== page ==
But what if multiple people work on the component and somebody else needs to refactor it? You could try looking in the docs. There are unlikely to be any, though, because it is an internal function. You could try reading the code. This approach is probably the one we rely on most of the time and often works. But if often isn’t too obvious, especially in loosely typed languages with lots of callbacks (*ahem* javascript).

How do you know what goes in and comes out of a function without docs and without types? You don’t. But having a unit test demonstrating stuff being passed in and out is really useful for making an educated guess.

The Flat 100 2019

Thursday, June 6th, 2019 | Sport

The Flat 100, formerly known as the Flat n Fast 100, is a sportive that starts in South Yorkshire and takes in Lincolnshire and Nottinghamshire. Last year I achieved my longest ever ride when I rode the 100km (technically a 106km) route.

This year, I was aiming for the 100 miler, which would make it my equal longest ride with the one I completed just five days before.

It was a busy event: 1,300 people registered a time. This meant the queues were big, too. I arrived at Thorne shortly after 7am but between queuing for the car park, queuing to register (the S-W surnames line was way longer than all the others) and then queuing to cross the start line meant that I didn’t get on the road until nearly 9am, almost two hours after arriving.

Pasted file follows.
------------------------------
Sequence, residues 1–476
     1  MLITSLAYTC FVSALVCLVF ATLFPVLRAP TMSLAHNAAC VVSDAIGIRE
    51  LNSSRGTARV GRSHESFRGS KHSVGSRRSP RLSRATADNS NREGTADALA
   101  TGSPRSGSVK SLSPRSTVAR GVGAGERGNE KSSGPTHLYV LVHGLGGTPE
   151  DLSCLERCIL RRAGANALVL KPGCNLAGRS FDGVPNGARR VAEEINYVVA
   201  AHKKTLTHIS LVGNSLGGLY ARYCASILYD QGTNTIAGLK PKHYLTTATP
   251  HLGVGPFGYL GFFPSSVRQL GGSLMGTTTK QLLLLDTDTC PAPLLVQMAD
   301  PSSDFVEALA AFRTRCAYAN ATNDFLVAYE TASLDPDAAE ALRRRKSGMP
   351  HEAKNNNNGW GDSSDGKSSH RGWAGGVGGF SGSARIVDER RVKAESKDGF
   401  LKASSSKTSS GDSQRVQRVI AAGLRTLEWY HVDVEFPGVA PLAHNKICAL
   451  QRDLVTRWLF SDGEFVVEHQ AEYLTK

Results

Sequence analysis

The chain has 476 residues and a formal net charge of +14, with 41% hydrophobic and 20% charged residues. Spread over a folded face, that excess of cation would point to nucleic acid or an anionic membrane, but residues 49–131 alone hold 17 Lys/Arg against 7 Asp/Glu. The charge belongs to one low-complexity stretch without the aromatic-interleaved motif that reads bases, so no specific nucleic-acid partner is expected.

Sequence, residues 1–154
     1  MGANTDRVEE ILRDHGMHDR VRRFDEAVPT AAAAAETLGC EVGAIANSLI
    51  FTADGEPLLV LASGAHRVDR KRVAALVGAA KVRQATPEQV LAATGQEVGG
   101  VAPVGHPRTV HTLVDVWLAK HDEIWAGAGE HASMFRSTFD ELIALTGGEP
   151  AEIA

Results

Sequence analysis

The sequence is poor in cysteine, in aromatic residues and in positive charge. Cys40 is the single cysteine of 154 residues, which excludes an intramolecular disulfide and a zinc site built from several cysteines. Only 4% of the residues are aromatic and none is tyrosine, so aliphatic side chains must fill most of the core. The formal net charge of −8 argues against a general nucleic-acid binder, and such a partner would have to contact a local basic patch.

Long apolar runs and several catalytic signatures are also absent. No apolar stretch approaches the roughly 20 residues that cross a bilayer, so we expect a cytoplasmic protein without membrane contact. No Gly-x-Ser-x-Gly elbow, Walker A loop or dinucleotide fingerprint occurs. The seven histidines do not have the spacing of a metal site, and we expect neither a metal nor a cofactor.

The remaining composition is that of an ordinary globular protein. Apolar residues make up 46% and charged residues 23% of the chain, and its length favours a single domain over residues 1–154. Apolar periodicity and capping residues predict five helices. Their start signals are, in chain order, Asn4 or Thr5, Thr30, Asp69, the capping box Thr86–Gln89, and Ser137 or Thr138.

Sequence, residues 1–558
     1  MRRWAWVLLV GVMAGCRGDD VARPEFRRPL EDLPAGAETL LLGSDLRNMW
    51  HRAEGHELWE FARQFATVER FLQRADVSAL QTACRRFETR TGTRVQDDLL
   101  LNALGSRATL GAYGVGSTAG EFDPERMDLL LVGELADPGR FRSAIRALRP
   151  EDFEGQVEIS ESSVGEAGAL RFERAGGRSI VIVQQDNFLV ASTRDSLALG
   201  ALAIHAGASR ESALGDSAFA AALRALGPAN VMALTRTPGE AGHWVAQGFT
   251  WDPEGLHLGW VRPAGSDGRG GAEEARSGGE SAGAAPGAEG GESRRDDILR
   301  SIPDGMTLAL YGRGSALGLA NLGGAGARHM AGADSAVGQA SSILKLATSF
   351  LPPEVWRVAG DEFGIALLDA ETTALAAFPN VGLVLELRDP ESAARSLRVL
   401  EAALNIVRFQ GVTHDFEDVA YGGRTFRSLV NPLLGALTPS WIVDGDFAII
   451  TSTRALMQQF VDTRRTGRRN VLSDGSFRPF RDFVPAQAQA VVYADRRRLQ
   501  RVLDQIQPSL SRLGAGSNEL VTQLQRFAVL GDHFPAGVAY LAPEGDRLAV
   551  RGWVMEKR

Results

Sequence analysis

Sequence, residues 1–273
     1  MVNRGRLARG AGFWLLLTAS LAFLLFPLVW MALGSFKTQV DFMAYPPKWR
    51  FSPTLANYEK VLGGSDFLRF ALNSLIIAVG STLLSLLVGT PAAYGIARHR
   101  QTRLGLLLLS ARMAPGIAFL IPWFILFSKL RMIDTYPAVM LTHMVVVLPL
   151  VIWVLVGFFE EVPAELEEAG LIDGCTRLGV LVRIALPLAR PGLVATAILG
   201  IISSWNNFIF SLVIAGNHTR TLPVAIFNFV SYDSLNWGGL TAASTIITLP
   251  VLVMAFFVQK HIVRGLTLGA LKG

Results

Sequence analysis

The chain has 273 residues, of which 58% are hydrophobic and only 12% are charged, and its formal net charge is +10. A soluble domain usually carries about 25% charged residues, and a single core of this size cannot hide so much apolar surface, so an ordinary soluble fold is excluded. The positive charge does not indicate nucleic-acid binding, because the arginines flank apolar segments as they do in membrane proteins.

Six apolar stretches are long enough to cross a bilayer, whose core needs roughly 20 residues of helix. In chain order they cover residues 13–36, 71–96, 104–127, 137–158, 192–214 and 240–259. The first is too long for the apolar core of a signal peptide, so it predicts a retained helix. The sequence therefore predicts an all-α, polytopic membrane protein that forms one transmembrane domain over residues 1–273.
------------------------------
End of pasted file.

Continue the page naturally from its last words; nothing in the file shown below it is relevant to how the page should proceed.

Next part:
It was colder than expected. Foolishly, when I checked the weather, I had put in “Thorpe” rather than “Thorne”, so was surprised when it started raining. Luckily, it did so just as we arrived at the feed stop and stopped just as we were leaving. After that, it brightened up and I had to re-apply suncream at the second feed stop.

I rode with Bogdan for the first 80km before he peeled off onto the medium route. After that, I surfed a few wheels. One group kept yelling “Chris, are you there?” until I was forced to answer “yes” before pulling alongside them and explaining that I probably wasn’t the Chris they were after.

I clocked in with an average speed of 26.7 kph, which is a good pace for me, especially as I rode fairly conservatively for the first 100 km or so. The whole thing took less than six hours of cycling and 6:39 including breaks, which bodes well for The Yorkshireman.

Sapiens: A Brief History of Humankind

Sunday, June 2nd, 2019 | Books

Sapiens: A Brief History of Humankind is a non-fiction book by Yuval Noah Harari.